See How A CVT Works, Using Legos

Here’s How A CVT Transmission Works, Using Only Legos

Remember when Legos was pretty much a blank canvas that any child with an imagination could go crazy? I mean, it was about doing things from different rooms, and the fun was creating whatever you could think of. Being such a huge toy company, Lego has always expanded its product line, from full movie links and even licensed cars. The Technic line has always been the most complex but the most satisfying to build, and with things like lights, transmissions and even electricity, these high-end Lego “toys” are far from their humble beginnings. But sometimes they satisfy the interior reducer.

As with everything on YouTube, if you can think of it, there will be a channel for that, and Sariel’s Lego Workshop focuses on very neat stuff. In this video, he takes us through a continuously variable transmission (CVT), all built entirely from lego parts and a power source. It’s incredibly similar to what we have in modern cars, and the pulley system with the shafts and the belt is executed in their Lego way. The reports are simulated by the belt which interacts with the parallel cones but oriented opposite one another. There are no fixed gears, it’s clutchless, and all you get is maximum or minimum, and all you have to do is move the mechanism forwards or backwards to speed up or slow down.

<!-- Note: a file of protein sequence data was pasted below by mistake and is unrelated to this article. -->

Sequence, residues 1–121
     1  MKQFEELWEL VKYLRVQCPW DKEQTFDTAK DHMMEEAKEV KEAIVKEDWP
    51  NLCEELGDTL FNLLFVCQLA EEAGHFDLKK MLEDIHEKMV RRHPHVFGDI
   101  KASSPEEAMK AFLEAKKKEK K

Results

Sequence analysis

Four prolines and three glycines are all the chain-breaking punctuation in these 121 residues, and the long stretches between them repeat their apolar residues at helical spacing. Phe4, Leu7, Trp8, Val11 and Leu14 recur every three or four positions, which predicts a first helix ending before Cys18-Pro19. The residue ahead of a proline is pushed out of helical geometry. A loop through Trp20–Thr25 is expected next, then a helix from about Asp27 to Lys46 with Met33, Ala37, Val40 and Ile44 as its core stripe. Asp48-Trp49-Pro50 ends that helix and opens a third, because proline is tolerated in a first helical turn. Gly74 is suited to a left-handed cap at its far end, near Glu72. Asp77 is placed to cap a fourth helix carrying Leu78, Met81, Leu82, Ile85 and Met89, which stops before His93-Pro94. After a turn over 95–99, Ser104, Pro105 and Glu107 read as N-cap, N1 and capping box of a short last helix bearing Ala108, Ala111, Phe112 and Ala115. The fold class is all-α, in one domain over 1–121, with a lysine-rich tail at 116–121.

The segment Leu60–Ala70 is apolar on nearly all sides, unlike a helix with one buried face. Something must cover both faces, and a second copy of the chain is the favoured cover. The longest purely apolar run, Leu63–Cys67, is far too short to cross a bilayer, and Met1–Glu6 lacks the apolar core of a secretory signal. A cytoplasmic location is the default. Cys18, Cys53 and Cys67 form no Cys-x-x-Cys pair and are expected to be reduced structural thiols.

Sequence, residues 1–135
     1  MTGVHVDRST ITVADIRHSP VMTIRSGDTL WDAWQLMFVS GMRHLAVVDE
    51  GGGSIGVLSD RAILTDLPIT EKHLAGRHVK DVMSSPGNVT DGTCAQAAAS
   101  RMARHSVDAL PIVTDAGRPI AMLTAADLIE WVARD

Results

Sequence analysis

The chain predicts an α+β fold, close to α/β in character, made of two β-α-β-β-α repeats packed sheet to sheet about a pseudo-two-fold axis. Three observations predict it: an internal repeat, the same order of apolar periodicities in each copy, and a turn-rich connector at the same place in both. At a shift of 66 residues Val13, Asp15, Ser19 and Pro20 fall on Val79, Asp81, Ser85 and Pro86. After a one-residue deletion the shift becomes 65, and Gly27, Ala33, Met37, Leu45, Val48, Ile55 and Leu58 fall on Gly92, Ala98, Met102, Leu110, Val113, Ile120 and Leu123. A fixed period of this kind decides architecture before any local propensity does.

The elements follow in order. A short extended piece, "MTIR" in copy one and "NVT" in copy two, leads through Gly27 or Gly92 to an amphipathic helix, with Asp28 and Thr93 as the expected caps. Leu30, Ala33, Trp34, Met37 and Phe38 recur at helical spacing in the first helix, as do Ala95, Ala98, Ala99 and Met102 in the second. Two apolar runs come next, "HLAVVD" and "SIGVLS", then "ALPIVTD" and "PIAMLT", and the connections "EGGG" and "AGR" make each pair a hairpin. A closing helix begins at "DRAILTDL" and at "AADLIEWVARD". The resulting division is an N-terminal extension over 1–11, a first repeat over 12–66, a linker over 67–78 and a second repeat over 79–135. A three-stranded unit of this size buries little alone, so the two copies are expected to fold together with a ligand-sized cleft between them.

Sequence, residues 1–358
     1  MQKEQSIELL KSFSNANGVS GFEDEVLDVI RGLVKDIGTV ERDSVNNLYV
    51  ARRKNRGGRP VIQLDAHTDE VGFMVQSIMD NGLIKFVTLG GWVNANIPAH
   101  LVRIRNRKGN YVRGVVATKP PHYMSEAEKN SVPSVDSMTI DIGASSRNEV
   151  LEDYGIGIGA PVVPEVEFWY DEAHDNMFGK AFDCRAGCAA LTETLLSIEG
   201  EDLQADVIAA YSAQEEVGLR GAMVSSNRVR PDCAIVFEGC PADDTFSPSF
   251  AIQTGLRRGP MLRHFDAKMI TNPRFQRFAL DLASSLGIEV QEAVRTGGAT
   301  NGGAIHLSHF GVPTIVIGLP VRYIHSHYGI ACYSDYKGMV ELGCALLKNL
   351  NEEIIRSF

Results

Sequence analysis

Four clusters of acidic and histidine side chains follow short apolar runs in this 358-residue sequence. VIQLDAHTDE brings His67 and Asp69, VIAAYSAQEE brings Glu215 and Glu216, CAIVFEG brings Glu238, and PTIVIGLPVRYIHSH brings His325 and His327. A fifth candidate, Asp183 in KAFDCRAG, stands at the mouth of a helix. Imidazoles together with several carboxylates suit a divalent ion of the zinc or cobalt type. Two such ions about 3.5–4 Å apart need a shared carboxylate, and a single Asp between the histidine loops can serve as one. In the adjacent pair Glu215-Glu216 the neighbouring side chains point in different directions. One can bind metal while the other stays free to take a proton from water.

Now it’s not perfect, and as Sariel points out in the video, the Lego CVT system is effective at low loads and low resistance. The belt moves along the cones so gently that the band tends to slide out of the “train” when it encounters an obstacle or a slope.

Sariel also mentions that this would not happen if Lego made rubber cones for higher friction to hold the belt in place, or perhaps even a little further by creating cones and toothed belts. In any case, it’s still very satisfying to watch.

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